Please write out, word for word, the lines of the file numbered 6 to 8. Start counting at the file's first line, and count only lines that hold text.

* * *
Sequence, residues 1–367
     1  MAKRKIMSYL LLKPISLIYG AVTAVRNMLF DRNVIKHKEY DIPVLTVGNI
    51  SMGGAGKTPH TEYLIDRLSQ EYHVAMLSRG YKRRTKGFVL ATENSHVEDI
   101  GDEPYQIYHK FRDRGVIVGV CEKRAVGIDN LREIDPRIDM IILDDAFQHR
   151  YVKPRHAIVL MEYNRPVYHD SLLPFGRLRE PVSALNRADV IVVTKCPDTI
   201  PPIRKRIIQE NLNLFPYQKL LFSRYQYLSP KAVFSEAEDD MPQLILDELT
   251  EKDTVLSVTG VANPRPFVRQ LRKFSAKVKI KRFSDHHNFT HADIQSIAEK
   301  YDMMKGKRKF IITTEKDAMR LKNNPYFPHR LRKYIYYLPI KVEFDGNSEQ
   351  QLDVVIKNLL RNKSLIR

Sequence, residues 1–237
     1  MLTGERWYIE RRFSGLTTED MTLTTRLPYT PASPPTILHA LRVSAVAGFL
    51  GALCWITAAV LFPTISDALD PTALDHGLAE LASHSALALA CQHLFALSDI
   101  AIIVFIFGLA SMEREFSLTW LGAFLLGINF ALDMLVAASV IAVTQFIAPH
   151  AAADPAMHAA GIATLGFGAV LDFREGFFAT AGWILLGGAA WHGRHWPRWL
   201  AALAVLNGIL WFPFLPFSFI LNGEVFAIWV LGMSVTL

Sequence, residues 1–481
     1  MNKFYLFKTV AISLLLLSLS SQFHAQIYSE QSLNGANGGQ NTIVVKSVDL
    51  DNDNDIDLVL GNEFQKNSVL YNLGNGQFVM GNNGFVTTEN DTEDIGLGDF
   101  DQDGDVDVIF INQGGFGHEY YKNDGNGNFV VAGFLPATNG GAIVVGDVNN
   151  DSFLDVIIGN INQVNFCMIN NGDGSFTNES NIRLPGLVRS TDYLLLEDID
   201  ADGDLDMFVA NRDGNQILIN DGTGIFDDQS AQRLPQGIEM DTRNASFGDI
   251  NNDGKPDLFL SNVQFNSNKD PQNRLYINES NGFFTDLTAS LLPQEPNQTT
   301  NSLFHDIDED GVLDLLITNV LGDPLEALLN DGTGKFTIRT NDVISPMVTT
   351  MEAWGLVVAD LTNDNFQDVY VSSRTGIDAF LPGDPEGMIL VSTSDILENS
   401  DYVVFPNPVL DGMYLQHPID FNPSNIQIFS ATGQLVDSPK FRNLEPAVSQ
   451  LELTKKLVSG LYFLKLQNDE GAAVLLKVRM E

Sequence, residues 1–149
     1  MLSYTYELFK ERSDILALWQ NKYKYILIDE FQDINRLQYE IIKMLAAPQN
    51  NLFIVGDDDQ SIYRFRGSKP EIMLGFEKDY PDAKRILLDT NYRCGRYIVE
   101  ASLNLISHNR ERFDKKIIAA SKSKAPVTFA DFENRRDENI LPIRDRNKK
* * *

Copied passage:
   201  PPIRKRIIQE NLNLFPYQKL LFSRYQYLSP KAVFSEAEDD MPQLILDELT
   251  EKDTVLSVTG VANPRPFVRQ LRKFSAKVKI KRFSDHHNFT HADIQSIAEK
   301  YDMMKGKRKF IITTEKDAMR LKNNPYFPHR LRKYIYYLPI KVEFDGNSEQ